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The IT Brand Is Broken

In order to repair IT's reputation, technology leaders need to understand the business and become the first choice of users, not the last.

At most companies the IT brand is broken and it needs to be fixed before technologists can create value for the business. This is the message from Blackstone CTO William Murphy, the keynote speaker during his presentation "Is IT Irrelevant?" at the Interop Conference in New York.

In the worst case, the information technology organization is viewed as "defensive, late, uninformed, unhelpful, a necessary evil," and a group "that does their own thing," Murphy said. "The negative perception [of IT] by the business hurts us all. [Vendors tell] the business that the best thing about their product is that they will never have to involve IT."

Unfortunately, excluding IT from the beginning usually creates an inefficient and costly infrastructure that IT will have to support anyway, Murphy said. "This is not the business' fault. It is our fault. We need to change the brand so the business looks to us first for solutions, not last."

Murphy, who heads Blackstone's technology team, changed the name of his group to Blackstone Innovations & Infrastructure Technology to help send the message that his group isn't a standard IT shop. "Everyone agrees that our job is difficult, complex, quickly changes and is resouce intensive," Murphy added. "The users know that IT is central to creating business change, creating efficiencies, and creating the future of the company. We are in a great position, but the brand is broken."

[For more coverage of the Interop Conference and Expo, read: Innovation At Interop: Tackling Outdated Cultures.]

Becoming Business Leaders

In years past, CIOs and CTOs were primarily technologists who know how to manage risk and implement management processes for technology. Today, technology leaders still need to do those things, but they also need to be a "salesperson, relationship manager, financial analyst, mentor and recruiter, and culture creator," Murphy said. "The days when you could ignore ROI are gone. If you do that, you will be put in the back and all of the decisions will be made without you," adding that "When people say they need to check with the business, you should cringe. We are part of the business."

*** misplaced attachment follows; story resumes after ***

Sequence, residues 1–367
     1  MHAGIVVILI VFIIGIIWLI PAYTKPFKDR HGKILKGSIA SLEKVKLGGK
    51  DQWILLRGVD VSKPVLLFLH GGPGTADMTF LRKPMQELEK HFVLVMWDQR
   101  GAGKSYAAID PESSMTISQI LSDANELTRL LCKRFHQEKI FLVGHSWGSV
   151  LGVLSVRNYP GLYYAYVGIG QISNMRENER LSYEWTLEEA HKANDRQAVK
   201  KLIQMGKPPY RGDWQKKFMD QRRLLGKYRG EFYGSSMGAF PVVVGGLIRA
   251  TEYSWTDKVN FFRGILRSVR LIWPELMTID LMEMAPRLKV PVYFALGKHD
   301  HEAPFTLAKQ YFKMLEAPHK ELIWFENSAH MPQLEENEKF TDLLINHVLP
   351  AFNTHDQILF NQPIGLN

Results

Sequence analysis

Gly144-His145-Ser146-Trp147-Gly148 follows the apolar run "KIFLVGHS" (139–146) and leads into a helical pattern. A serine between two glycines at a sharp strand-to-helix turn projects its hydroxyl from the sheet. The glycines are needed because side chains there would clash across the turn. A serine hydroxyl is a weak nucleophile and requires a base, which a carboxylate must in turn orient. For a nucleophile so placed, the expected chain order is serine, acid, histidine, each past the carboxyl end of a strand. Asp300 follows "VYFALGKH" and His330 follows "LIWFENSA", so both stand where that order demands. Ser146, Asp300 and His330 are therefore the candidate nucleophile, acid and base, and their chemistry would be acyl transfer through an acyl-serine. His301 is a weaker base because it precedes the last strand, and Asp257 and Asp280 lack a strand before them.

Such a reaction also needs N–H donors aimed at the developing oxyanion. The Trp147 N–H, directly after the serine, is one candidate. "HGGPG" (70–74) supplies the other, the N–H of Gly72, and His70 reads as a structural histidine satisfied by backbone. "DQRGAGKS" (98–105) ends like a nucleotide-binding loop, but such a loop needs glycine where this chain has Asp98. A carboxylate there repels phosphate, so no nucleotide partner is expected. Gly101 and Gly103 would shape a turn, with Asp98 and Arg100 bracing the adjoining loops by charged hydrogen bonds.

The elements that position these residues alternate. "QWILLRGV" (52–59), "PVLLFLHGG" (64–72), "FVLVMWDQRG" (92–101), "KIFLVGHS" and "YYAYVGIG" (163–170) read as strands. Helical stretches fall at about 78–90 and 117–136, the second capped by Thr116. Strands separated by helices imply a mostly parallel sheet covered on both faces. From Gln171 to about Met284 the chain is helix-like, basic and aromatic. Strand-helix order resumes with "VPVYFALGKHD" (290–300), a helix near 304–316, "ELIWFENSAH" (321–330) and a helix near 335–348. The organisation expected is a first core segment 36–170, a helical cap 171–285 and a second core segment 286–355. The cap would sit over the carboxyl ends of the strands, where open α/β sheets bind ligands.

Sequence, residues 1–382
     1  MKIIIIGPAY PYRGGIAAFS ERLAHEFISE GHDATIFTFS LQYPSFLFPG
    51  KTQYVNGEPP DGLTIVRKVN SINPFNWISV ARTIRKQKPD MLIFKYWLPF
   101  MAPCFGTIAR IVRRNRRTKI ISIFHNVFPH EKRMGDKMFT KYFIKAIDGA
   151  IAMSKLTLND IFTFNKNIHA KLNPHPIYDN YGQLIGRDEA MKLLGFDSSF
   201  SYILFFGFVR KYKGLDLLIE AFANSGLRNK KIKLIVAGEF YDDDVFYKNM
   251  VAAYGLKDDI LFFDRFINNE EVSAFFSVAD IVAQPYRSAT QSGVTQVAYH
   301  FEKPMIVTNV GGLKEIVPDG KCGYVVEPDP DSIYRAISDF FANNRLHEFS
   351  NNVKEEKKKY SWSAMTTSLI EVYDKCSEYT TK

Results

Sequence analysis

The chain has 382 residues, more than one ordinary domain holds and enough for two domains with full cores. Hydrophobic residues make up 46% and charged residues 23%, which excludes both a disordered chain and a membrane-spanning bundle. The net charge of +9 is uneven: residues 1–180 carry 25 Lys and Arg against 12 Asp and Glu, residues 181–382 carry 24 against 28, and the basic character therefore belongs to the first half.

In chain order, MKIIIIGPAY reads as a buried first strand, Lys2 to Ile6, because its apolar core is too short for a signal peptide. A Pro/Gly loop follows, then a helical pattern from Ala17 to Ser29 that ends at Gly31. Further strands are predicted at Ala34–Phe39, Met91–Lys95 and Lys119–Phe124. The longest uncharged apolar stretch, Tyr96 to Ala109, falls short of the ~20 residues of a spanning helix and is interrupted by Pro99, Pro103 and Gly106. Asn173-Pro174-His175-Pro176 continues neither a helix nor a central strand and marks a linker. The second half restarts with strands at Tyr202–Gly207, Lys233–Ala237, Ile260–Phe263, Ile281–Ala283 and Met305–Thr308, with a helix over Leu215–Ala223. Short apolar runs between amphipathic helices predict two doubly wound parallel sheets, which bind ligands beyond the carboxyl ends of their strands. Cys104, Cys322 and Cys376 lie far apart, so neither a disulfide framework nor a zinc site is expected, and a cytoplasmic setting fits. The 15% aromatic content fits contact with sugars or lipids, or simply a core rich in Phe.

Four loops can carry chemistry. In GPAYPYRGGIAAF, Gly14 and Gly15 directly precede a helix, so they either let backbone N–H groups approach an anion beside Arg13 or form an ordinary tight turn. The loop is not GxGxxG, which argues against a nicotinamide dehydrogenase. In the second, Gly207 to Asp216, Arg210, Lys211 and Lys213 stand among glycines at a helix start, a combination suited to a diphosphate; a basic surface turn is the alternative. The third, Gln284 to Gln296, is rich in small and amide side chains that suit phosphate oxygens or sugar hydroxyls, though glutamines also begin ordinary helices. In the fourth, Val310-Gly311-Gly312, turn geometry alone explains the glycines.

However, being able to calculate IT costs and an ROI is only part of the skills that a technology leader needs. They also need to know more about the intricacies of the business. "Be curious. You need to find out more about the business and you need to understand more about the business" than many of the users do themselves, he said.

It is important to know how the business operates because many times users don't know what they need. "Henry Ford said, '“If I'd asked my customers what they wanted, they'd have said a faster horse,'" Murphy notes. "Today, most IT shops are busy building faster horses. They are not building new tools to address user's problems. The users don't know what they want," adding that technologists need to provide value by helping users discover what technology can do for the business.

"Every trend in the world today … globalization, mobility, education, big data … every one is driven by technology," Murphy concluded. "The goal should be how to create a partnership so the future of the business can be executed. There is no better way to stay relevant than to do that." Greg MacSweeney is editorial director of InformationWeek Financial Services, whose brands include Wall Street & Technology, Bank Systems & Technology, Advanced Trading, and Insurance & Technology. View Full Bio

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